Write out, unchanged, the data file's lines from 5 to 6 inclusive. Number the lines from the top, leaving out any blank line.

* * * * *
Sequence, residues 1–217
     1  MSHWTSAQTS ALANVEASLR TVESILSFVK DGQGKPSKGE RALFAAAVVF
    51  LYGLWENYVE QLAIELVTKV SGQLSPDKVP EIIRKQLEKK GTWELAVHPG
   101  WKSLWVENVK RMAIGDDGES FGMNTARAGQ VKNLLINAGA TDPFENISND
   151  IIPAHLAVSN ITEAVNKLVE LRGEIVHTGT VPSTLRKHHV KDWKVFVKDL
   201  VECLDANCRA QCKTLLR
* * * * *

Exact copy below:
   151  IIPAHLAVSN ITEAVNKLVE LRGEIVHTGT VPSTLRKHHV KDWKVFVKDL
   201  VECLDANCRA QCKTLLR